I however recall the cold and dark of the Tower. And the fierce beasts! The savage Grizley bear, which was brought from America that very month! 

My brave Mr. Ramsey! While the audience fearfully flinched at that Grizley’s gasthly roar, you did not move an inch. You do not fear anything in the world, Mr Ramsey!

And while waiting, that certainity has become my humble prayer and it consoles my heart.

On the long-passed assemblée in September, when I’ve performed Arnim’s ‘Der Himmel ist oft hell’ and the applause has ceased, it was that brave and bold Mr Ramsey, who said to me, that my voice and song was the sweetest thing ever. ‘The sweetest thing’, I did replied, ‘of which I know, are Hagedorn’s Himbeer Bonbons’

Do you remember your answer, my dear Mr Ramsey? 

This morning I went to Hagedorn’s Confectionery to chuse a box of said raspberry bonbons. 

I cannot enclose a song, nor my voice in this letter, nor the sweetness, which hasn’t ever touched my lips - I shall send you bonbons instead, singing my song…and the plea to take the wave of suffer from me:

End my waiting…please, do write, Mr Ramsey. Do write!

Yours affably...

Special thanks to Acasta reader Sabine Schierhoff for this AMAZING little package for 2nd Lt M. Ramsey! It was such a joy to watch it come together over the last few months and it was a HUGE hit at the festival.

Tuesday, July 22

The Mail Packet, Deliver'd

The much anticipated mail packet arrives in camp!
The captain enlists the aid of one of the sailors to cut the cord.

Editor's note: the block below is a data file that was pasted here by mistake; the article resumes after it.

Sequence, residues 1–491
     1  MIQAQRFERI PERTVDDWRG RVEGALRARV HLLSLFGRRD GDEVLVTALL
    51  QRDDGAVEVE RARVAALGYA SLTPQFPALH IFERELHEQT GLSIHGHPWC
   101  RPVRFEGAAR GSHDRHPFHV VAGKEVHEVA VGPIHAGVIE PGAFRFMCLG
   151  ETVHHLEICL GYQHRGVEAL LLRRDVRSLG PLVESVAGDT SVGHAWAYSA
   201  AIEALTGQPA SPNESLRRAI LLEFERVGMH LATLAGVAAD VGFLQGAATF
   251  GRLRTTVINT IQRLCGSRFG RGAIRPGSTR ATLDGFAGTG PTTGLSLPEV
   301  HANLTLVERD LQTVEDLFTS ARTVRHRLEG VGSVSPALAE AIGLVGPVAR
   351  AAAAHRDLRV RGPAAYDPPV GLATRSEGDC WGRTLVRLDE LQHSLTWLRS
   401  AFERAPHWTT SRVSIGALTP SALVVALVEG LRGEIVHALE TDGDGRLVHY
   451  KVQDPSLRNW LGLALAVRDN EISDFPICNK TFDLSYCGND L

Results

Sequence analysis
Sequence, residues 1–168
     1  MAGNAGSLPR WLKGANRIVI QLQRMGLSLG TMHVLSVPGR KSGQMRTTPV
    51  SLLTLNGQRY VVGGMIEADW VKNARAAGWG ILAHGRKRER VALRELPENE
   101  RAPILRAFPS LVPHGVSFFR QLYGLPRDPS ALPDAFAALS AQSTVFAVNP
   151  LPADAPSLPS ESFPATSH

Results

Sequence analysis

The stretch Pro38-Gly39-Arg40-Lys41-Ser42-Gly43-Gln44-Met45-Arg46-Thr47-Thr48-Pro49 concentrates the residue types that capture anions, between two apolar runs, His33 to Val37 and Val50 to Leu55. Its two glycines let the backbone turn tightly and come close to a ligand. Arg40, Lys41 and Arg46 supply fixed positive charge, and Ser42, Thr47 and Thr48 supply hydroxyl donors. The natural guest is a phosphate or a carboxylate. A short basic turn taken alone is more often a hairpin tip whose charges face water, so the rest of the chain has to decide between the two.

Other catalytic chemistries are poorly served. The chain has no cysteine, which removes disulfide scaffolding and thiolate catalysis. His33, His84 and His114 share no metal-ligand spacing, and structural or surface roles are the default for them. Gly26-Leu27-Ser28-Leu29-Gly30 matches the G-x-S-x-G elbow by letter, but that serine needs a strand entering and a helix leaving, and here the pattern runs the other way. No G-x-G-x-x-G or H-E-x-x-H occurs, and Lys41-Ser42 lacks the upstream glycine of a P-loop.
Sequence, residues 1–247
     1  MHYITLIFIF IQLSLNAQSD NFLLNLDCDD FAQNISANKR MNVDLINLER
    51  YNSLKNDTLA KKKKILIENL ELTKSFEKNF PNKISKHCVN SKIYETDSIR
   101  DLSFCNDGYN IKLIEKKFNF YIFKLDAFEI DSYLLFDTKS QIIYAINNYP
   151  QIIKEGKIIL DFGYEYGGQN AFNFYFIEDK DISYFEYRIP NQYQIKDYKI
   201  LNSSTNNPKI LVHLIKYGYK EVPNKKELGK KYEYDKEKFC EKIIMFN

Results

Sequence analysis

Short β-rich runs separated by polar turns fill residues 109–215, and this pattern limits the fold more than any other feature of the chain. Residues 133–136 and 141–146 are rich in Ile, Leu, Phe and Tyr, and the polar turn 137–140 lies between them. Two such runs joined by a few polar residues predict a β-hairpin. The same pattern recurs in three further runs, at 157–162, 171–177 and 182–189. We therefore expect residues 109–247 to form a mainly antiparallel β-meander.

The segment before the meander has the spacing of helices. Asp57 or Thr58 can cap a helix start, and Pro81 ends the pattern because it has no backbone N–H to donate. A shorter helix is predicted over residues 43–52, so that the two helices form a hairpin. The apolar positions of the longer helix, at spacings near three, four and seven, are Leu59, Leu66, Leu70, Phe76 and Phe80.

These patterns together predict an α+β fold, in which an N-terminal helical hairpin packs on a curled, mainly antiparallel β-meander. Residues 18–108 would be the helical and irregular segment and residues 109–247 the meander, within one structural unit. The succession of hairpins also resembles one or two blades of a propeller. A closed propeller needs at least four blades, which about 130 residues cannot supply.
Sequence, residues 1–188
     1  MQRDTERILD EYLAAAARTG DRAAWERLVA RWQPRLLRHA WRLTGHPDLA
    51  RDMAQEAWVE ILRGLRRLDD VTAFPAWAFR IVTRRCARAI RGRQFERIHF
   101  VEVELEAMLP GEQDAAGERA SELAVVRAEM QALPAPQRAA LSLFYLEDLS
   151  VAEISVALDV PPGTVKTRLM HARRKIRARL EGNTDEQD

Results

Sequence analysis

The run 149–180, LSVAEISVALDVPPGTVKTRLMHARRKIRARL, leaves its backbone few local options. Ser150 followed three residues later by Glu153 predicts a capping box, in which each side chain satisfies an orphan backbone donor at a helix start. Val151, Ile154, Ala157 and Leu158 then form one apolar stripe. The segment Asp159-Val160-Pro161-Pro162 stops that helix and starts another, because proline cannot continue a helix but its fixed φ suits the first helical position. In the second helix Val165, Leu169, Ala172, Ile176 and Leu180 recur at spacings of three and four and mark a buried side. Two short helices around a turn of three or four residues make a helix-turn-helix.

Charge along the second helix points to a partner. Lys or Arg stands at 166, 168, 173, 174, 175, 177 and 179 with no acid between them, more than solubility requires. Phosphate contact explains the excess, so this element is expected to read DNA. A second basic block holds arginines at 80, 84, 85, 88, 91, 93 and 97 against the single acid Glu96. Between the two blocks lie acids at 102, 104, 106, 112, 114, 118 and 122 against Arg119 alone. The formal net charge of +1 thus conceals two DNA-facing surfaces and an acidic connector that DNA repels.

Lt. Tumbusch assists with the distribution of the mail.
Ship's Carpenter, Jas. Apple shows off one of his letters.

In this clip, our Surgeon's Mate discusses some of the letters he got as part of the packet while ashore with his fellows.

Monday, July 21

Mail Packet 1814 (2014) part 2

Your usual "Real Crew" post has been put on temporary hiatus to bring you another look at the recent Mail Packet Project...

In many cases with the pieces of mail turned in from you, our readers, the backs of the letters were as much fun to look at as the fronts!

Once again many thanks to our participants who helped to make the Mail Packet project such a success. Stay tuned for more mail packet fun!

Friday, July 18

Mail Packet 1814 (2014)

A sneak Preview for you dear reader of the contents of the most recent mail packet project to be deliver'd to the Acastas at Noon tomorrow.

Make note that I played 'post office' with the letters, marking them for postage and using my collection of postmark stamps copied from period sources to give the mail the proper look.

All the marks denote where they're from, or where they went through to get to the intended recipient.

A few pieces that showed up at the last minute!
I'd like to personally thank the following for their amazing efforts:

David VanMeter
Jennifer Jones and her participants with the Harford County Library
Elizabeth Layton
Mr. Bartgis
Juti Winchester and her students
Sabine Schierhoff
Alessandra Reeves
Anna Miller
Amanda Evans
James C. Albright
Lisa Peterson
Angela Grimes
Tony Gerard
Dwight 'Shark' Mayeux

…and all of our other readers who submitted pieces for the education and enjoyment of our members and the public. Without you, the mail packet project would have been woefully empty. More goodies from the Mail Packet next week, be sure to stop back by!